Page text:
A few snafus happened overnight. Chris Brown entered rehab, so new jokes need to be added, and Johnny Knoxville, the guest set to appear on the show, canceled at the last minute.
"We've had a lot of mornings where we've come in and the star has canceled on us," Boyd said, "and sometimes it's actually better, to be honest. Joel's hilarious, and sometimes it's better to have more of Joel than it was to have some finicky celebrity. He can sell anything, so even when we have limited resources, he still makes the show amazing."
"Remains to be seen if he can sell Klondike bars," Anderson added. Still, changes to the script needed to be made so only Joel could sell it.
McHale sits in a chair in the center of the room, his feet propped up, a coffee in one hand, directly in front of the teleprompter. The writers sit on chairs against the wall, far enough to gauge McHale's reactions and watch his delivery. Changes to the script are made as Joel reads it, and often by him.
There's a Kanye West and Kim Kardashian joke that needs a punched-up intro, and the changes happen almost as one long stream of consciousness:
Anderson: In "you made them famous, so deal with it" news.
McHale: Well, Kanye West is legitimately talented.
Farber: In obligatory Kanye and Kim news.
Anderson: In "news we can't avoid, because Kris Jenner will hunt us down and kill us if we try."
Farber: In black–Armenian relations news?
McHale: All right.
Anderson: In obligatory black–Armenian relations news.
The core writers and McHale watch a potential new clip on an iPhone.
The greenroom read-through lasts for a little over an hour. And during that time, McHale inserts commas, rewords jokes, thinks of different punch lines, and works on his delivery. He even remembers jokes from past drafts that were cut, and ones that were unintentionally left out.
"We did cut it at one point," McHale said of an abortion joke. "That was cut, right?" He was right, it was cut.
More coffee is brought in. A potential new YouTube clip they could use is watched on an iPhone, then dismissed. McHale makes a subtle Silence of the Lambs reference mid-reading to himself. He asks if anyone has seen Masters of Sex.
"I could watch Michael Sheen do anything," McHale said. "He's amazing. I'm not even into the sex parts, that's the weird part."
It's clear that McHale isn't just paid to host a show about pop culture, he actually enjoys digesting it. By the end of the hour, the script is close to being finalized, a promo for the show has been fine-tuned, and a "Condensed Soup" segment is written. When there are no further changes to be made, McHale heads off to hair and makeup, while the writers take a half-hour break.
Before the audience even gets to see the stage, The Soup staff sits to watch McHale film the promos and "Instant Soup." And sometimes the writers huddle up to watch even more clips before the taping.
Mankini prepares to film a promo for the show backstage. Then he actually films it in front of an audience filled with his coworkers.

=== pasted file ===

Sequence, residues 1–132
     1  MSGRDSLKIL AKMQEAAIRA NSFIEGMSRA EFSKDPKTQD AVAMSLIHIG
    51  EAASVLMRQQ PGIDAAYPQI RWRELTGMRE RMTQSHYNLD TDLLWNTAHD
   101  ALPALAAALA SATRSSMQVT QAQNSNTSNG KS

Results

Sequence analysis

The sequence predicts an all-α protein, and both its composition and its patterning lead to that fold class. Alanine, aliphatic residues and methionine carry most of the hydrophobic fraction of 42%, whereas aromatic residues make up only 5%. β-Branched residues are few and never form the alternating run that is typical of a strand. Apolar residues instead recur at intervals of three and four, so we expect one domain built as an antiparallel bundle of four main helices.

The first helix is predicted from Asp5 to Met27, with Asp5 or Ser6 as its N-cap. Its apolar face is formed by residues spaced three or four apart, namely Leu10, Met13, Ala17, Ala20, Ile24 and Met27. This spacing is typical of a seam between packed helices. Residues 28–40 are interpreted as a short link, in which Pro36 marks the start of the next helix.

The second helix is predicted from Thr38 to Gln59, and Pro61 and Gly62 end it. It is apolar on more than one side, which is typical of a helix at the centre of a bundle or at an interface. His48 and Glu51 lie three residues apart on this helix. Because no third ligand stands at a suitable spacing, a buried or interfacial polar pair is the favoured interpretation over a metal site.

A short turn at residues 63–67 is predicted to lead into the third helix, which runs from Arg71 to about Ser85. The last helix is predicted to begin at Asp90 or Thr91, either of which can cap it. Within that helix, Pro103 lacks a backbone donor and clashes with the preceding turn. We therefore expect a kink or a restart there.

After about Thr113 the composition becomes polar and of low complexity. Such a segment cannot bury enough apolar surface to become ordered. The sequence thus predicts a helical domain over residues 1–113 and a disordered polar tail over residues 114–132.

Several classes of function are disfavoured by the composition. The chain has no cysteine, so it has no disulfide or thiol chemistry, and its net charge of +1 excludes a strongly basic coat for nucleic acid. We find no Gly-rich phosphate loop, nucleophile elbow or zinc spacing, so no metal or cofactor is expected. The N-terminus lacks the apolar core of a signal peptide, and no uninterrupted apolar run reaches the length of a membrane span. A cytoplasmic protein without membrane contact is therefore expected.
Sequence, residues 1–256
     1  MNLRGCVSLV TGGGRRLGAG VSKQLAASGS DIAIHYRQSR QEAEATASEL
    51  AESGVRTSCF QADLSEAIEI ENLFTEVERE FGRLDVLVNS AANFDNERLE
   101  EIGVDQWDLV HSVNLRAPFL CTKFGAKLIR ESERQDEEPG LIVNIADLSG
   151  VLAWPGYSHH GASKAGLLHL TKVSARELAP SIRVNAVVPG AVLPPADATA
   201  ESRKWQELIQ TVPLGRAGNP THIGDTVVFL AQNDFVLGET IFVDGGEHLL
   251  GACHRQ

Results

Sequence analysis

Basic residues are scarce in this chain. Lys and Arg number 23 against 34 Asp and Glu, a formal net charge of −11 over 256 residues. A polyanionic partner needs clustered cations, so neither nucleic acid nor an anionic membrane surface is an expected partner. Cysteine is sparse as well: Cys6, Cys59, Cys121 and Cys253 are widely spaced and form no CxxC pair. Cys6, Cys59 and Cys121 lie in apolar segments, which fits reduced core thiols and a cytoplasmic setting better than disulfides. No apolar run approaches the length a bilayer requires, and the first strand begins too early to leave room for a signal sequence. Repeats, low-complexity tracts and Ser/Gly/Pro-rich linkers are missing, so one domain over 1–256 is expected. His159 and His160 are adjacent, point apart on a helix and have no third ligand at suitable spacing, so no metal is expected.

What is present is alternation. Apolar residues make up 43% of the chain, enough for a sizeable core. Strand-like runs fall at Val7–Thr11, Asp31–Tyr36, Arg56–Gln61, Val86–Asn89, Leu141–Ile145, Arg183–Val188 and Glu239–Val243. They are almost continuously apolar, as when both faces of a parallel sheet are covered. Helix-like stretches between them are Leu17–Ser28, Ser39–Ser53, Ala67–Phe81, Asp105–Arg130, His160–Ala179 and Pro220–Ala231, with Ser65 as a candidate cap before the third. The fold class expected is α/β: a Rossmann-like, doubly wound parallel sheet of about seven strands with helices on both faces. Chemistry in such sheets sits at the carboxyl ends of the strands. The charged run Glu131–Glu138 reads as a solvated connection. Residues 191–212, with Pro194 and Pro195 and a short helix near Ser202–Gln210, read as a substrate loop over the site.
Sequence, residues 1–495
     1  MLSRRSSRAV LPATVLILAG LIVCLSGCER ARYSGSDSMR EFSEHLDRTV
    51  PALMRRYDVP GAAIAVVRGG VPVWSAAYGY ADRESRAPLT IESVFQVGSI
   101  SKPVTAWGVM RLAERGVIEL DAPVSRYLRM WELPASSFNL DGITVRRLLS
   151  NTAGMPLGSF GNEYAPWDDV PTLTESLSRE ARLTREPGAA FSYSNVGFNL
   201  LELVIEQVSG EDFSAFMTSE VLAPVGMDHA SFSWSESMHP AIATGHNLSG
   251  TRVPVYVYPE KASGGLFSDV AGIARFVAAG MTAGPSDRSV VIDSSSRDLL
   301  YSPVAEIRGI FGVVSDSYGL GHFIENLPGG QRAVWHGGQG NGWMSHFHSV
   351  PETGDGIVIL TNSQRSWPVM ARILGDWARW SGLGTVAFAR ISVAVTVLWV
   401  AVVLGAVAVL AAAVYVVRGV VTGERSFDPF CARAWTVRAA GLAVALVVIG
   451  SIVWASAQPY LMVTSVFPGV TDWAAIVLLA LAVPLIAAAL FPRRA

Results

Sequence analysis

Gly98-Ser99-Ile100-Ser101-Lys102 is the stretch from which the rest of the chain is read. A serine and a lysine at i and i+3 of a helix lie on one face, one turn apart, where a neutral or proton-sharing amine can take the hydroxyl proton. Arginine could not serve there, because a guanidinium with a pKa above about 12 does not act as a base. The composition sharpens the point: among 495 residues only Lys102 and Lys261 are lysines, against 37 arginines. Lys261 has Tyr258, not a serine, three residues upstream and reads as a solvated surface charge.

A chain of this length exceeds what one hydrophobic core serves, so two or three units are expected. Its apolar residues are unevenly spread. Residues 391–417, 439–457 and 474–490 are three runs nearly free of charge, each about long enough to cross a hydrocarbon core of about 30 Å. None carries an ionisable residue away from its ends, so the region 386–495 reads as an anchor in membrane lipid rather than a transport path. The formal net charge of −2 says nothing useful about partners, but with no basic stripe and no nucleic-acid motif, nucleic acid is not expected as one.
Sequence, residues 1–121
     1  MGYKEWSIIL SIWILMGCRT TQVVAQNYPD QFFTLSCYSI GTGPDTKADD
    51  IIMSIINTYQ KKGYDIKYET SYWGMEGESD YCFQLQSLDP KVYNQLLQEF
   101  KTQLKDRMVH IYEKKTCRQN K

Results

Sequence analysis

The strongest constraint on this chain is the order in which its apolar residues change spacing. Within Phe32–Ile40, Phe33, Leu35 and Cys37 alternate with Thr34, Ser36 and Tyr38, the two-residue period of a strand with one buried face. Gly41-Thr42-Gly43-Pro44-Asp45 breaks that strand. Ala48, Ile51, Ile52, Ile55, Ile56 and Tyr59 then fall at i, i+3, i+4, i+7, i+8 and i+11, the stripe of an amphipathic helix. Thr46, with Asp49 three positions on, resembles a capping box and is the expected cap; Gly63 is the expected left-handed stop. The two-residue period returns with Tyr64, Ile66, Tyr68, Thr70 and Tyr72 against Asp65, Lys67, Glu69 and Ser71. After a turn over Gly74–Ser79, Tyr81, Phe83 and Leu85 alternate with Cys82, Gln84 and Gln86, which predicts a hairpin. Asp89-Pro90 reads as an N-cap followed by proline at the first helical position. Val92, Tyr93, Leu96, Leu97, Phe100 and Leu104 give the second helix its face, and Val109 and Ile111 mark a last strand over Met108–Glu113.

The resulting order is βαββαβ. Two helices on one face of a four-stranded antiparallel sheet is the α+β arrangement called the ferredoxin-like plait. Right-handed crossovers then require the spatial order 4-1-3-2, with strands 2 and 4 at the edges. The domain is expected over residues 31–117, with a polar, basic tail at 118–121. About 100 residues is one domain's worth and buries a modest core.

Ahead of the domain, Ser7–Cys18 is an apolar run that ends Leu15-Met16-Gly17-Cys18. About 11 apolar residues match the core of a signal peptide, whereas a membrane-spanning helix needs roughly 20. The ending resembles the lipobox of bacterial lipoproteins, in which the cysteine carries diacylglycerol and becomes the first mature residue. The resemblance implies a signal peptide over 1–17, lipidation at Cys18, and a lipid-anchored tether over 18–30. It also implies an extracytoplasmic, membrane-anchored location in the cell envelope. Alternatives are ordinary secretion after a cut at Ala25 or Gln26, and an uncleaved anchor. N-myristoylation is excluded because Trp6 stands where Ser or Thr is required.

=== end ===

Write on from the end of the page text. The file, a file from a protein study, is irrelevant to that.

Another promo series, this time with McHale's stylist, José Camilo, is filmed.
"We try not to show him [Camilo] the script," Anderson said. "We like him to cold-read it." They end up filming Camilo's rehearsal, along with a few more takes.
Then McHale is brought back to his dressing room while the audience is loaded into the studio. Anderson warms up the crowd by telling them that Johnny Knoxville canceled on the show.
There's not much wait time between Anderson and McHale, and he comes out to greet the crowd and start the show. McHale sets up each clip, lets it roll on the monitors, then delivers the punch line.
Most of the time, he nails it on the first try. But sometimes he re-reads the script and changes it on the fly.
This is what the audience sees: McHale, the green screen, and the monitors showing the clips. McHale sees the audience and the teleprompter.
DeLeo comes onstage as the part of the punch line for a clip. This time he's covered in "cocaine" and money.
No word on what happened to all that coke and money after the show.
The staff watches the taping on monitors backstage as the "Clip of the Week" debuts: It's from I Dream of NeNe, chosen during Tuesday's clip meeting.
In between takes, McHale talks to the crowd. "Do you all watch Community?" McHale asked.
A few enthusiastic replies were mixed with even more hesitant nods. (How do you say "no" to the person standing in front of you?)
McHale scanned the audience until he found a girl who could be in college herself. "You watch Community?" he prodded, dubious.
She nodded back, but something about that nod gave away just enough.
"What's my character's name on the show?" he asked. He already knew what her answer would be.
The audience, whose attention had been fixed on McHale, suddenly shifted to this one woman. The sound of her "Ummm…" filled the small studio.
"Don't tell her the answer!" McHale shouted, almost excitedly.
Eventually, someone else in the audience fed her the answer. "Jeff Winger?" she said.
McHale gave a satisfied nod in her direction, then moved back to his mark to film "The Clip of the Week," the last segment of the show. Despite currently appearing on three shows, including a cult-favorite comedy on a broadcast network, McHale — arguably one of the hardest-working actors in Hollywood — is still most notably known for hosting The Soup. Not that it's a bad thing; McHale seems to relish the position he's in and he genuinely seems to appreciate the show's fans.
When the show ends, McHale tells the audience that he'll stick around for photo ops. And he waits until every last person gets their photo taken.